Tuesday, March 23, 2010

M2N2e: ways to compensate

M2N2. Students will build fluency with multi-digit addition and subtraction.
e) Use basic properties of addition (commutative, associative, and identity) to simplify problems (e.g. 98 + 17 by taking two from 17 and adding it to the 98 to make 100 and replacing the original problem by the sum 100 + 15).

Students, and adults, often use different mental computation strategies. The one that is discussed in this standard is often explained by using the associative property of addition: 98 + 17 = 98 + (2 + 15) = (98 + 2) + 15

However, we can also explain it slightly differently. "98 + 17" means we are putting together 98 and 17. If we pretended 98 were 100, that means we actually have 2 more than we are supposed to. So, if we don't want to change the final answer, we have to make 17 smaller by 2. In other words, 98 + 7 = (98 + 2) + (17 - 2). In general, if we added a number to one of the addends, we have to subtract the same number from the other addend to compensate.

What about subtraction? Let's think about 83 - 18. Subtracting 20 mentally is much easier. But if we subtract 20 instead of 18, we will be taking away 2 more than we are supposed to. So, to compensate for that, we must make the starting number bigger by 2, too. That is, 83 - 18 = (83 + 2) - (18 + 2). Alternately, you might think if we make 83 into 89, then there will be no re-grouping needed. But, in that case, you are starting with 6 more. So, if we want to keep the answer the same, we must take away 6 more than 18 as well. Thus, 83 - 18 = (83 + 6) - (18 + 6). As it turns out, for subtraction, if we add (or subtract) the same number to both the minuend and the subtrahend, the difference stays the same. This idea is sometimes called the equal addition principle of subtraction.

What about multiplication? How do we compensate? Let's think about 35 x 16. If we had 70, it might be easier to multiply mentally. But if we realize that 35 x 16 means 16 groups of 35 [I'm using the Japanese convention of writing the number in a group first]. So, if we make 35 into 70, you are actually putting 2 of those 35's together, and there will be only 8 groups. Or 70 x 8. Thus, we see that 35 x 16 = (35 x 2) x (16 ÷ 2). In general, if we multiply a factor by a number, then we must divide the other factor by the same number to keep the product the same.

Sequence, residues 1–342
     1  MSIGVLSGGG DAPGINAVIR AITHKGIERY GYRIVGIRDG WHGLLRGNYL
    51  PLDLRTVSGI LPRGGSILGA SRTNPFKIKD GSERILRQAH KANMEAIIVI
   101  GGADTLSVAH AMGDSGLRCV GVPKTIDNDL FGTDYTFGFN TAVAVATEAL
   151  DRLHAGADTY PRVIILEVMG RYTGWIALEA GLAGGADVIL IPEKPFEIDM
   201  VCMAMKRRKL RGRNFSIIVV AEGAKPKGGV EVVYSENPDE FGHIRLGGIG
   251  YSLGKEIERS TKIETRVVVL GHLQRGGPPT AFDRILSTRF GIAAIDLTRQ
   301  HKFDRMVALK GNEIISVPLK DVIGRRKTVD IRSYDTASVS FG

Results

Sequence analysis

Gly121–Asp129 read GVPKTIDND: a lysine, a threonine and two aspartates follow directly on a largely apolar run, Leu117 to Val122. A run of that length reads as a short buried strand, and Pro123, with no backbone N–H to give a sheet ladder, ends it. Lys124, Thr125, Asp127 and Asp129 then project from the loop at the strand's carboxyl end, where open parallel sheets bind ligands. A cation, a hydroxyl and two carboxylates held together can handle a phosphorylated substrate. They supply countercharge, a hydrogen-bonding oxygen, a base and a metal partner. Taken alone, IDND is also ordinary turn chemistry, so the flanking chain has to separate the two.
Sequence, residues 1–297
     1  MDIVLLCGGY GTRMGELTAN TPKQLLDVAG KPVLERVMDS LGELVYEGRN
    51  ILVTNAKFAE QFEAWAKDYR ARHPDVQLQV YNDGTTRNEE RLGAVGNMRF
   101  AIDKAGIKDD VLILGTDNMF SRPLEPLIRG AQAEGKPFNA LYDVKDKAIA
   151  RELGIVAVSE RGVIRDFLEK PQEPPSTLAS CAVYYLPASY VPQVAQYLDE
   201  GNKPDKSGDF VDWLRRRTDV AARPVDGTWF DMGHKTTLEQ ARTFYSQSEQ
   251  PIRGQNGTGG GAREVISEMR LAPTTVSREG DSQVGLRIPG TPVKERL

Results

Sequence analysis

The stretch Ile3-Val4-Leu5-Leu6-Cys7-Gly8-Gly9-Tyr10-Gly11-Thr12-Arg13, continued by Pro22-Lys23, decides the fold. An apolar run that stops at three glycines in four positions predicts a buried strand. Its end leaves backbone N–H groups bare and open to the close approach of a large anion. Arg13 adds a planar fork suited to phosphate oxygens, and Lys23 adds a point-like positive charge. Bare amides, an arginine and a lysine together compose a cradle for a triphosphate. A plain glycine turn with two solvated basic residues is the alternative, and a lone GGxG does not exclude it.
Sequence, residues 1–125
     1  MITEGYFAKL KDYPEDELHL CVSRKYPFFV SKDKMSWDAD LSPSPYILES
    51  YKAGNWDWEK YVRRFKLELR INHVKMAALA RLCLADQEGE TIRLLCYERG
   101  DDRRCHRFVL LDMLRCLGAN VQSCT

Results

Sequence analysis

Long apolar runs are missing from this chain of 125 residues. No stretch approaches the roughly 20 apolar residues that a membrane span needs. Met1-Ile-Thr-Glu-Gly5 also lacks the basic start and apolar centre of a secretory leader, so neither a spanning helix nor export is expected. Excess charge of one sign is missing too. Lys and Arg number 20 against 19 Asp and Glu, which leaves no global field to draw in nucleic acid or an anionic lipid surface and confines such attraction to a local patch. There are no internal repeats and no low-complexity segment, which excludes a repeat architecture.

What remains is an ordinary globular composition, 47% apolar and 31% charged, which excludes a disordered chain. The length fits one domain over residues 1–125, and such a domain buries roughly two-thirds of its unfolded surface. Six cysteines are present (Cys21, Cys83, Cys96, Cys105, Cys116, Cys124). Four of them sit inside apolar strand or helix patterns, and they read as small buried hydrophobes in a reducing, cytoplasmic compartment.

For division, let's think about 112 ÷ 14. One way to interpret 112 ÷ 14 is to figure out how many in each group if we split 112 into 14 equal groups. The answer should be the same if we only consider 7 groups with a half as many total. So, 112 ÷ 14 = 56 ÷ 7. In general, if we multiply (or divide) both the dividend and the divisor by the same number, the quotient does not change. In the GPS, this particular idea is actually explicitly mentioned in M4N3(d). I sometime call this relationship the equal multiplication principle of division. Probably the most common place where we see the use of this principle is with problems like 2400 ÷ 400.

When you look at these four ways of making compensations, you notice that there are parallels between addition/multiplication and subtraction/division. With addition and multiplication, we do "opposite" to the two numbers to keep the result the same. However, with subtraction and division, we do the same to both numbers. Although only the division situation is mentioned explicitly in the GPS, looking at these compensation strategies may be useful in helping students develop a deeper understanding of the four arithmetic operations and how they may relate to each other.

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Elaboration of Georgia Performance Standards by Tad Watanabe is licensed under a Creative Commons Attribution-NonCommercial-ShareAlike 3.0 Unported License.